problems (for example, requiring students to complete a table by calculating all three measures
for a data set); and then pose several hypothetical word problems asking students to apply their
skills. Notice how the following unit unfolds quite differently, with meaning making and transfer
preceding instruction in the basics.
1. Begin with a hook problem. Give students a set of data—the finish times for 122 students
in four 7th grade classes in a one-mile race held on field day. Ask students to work in
small groups to determine which class won the race and prepare to convince other groups
of their conclusion. Have each group present its solution and explanation to the class. Ask
prompting questions to stimulate alternative answers and to elicit mathematical
reasoning.
2. Introduce essential questions. What is fair? How might mathematics help determine what
is fair and unfair? Present various situations to provoke a discussion about fairness, such
as, What do we mean when we say that the rules of a game of chance are not fair? When
is straight majority voting fair, and when is it not fair? Is it fair to factor in degree of
difficulty in diving competitions? How about weighted grades in school? Ask students to
draw some tentative conclusions to explore and test later in the unit.
3. Preview the culminating performance task. Tell students, "You will be asked to decide
which measure of central tendency—mean, median, or mode—should be used to
calculate your final quarterly grade in mathematics. You must explain which method you
prefer and show your mathematical reasoning." The task will spark questions from
students, such as, What is a median? … a mode?
4. Provide direct instruction on measures of central tendency linked back to the initial
problem and essential questions. Give real-world examples. Students will be more likely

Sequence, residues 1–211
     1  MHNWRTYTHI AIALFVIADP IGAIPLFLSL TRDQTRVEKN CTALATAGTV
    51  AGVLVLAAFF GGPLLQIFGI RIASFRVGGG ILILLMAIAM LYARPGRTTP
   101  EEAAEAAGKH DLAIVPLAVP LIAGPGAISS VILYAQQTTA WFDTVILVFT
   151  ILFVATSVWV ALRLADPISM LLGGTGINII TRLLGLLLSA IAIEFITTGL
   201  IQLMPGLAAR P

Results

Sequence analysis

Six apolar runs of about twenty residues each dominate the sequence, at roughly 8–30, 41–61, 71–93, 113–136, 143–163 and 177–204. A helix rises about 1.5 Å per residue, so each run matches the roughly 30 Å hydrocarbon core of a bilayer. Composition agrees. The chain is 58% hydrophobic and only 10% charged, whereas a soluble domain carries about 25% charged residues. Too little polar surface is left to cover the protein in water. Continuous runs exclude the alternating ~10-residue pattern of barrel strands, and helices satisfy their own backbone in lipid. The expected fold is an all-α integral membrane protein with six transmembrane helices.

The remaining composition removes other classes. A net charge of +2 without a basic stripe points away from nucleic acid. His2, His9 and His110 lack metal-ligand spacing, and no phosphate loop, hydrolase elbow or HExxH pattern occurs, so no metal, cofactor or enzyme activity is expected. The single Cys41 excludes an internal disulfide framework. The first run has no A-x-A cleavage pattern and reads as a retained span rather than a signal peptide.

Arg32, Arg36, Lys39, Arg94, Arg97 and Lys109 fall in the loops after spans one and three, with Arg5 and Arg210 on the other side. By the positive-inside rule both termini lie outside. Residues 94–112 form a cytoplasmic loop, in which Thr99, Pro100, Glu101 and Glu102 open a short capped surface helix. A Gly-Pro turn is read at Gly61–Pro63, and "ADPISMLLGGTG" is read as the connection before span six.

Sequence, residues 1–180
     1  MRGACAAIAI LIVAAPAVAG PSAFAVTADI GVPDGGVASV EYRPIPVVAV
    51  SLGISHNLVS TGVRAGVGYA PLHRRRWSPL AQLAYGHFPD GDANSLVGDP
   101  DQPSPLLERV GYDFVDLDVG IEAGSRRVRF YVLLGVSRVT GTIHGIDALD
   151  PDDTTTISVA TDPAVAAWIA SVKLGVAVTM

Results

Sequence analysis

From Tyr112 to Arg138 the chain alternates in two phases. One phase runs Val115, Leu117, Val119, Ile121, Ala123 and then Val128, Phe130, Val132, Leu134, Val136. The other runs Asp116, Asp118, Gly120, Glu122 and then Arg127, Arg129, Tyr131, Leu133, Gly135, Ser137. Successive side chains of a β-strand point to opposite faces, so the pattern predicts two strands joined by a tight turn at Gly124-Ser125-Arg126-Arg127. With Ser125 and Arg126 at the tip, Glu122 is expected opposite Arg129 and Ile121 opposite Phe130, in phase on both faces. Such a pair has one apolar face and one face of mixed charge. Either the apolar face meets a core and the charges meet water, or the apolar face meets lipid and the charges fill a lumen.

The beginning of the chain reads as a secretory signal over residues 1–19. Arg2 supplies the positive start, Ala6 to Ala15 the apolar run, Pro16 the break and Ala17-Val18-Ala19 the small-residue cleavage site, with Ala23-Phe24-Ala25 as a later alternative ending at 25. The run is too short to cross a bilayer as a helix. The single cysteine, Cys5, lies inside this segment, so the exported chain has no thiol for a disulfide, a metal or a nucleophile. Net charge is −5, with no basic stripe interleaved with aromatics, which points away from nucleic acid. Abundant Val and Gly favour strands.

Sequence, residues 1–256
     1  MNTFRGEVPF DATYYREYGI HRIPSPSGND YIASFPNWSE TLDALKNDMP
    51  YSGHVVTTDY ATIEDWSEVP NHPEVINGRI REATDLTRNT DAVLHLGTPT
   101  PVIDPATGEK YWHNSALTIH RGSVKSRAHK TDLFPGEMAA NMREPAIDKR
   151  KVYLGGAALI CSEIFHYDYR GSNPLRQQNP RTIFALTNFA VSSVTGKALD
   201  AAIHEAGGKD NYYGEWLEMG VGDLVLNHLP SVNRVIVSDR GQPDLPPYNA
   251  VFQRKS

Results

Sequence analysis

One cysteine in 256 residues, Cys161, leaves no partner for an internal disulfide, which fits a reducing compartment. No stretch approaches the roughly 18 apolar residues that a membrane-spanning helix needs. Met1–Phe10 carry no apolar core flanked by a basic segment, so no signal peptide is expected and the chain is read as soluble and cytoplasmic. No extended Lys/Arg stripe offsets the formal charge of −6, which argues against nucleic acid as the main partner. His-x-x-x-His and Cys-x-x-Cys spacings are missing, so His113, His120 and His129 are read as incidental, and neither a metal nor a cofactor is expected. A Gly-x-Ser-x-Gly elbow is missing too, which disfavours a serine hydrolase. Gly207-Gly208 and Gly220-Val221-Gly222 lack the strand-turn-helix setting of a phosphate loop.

to see the value of this information given the earlier activities and forthcoming
performance task.
5. Provide practice on the basics. Have students do problems from the textbook to practice
calculating mean, median, and mode. Give quizzes to check for conceptual understanding
and computational accuracy.
6. Provide opportunities for further discussion. Have students engage in whole-class and
small-group discussions of additional examples—for example, When is it most useful to
know the "average" in various circumstances (salaries, home prices, batting average,
price of a new car)? When is it misleading? What other information does an individual
need to act wisely (for instance, to decide whether he or she can afford to buy a new car)?
7. Provide an application task. Help students think about the questions, When should we
use mean, median, or mode? Where should we be careful in using each measure? Have
each student construct a problem like the initial hook problem—a set of data that yields
an uncertain solution to the question asked. Have students calculate the answer using all
three modes of central tendency, choose the answer they think is best, and write a defense
of that answer. In pairs, have students share questions and answers, try to solve each
other's problem, and offer feedback to each other on the quality of their solutions and
explanations.
8. Lead a whole-class discussion. Have students discuss related questions—for example,
How important are range (variation) and trend when reaching a solution? Should you be
rewarded or penalized for consistency or inconsistency or for downward or upward
trend? Have students investigate several situations and draw conclusions (national sports
team ranking systems, scores in diving competitions, stock market performance, and so
on).
9. Provide a small-group application. Ask students to propose the fairest method for
assigning quarterly grades. Should all grades be averaged? Should zeroes be factored in?
Have each group present its proposal and explain its thinking to the class.
10. Revisit the original unit hook problem. Ask students, "Now which class do you think won
the one-mile race?" Ask them to use what they have learned to reevaluate the problem
and their solutions to it.
11. Assign the final performance task. Have students individually review their scores and
grades for the quarter on quizzes, tests, homework, class work, their math journal, and so
on to determine which measure of central tendency will yield the fairest grade for them.
Have them write a note to you explaining their preferred method for grade calculation.
12. Give students opportunities to reflect on the unit's essential questions in their math
journal and in paired and wholeclass discussions.
In this example, learning for understanding develops in an iterative fashion across the three
categories of transfer, meaning, and acquisition. The acquisition of new vocabulary and
techniques for calculating central tendency are introduced in response to real problems around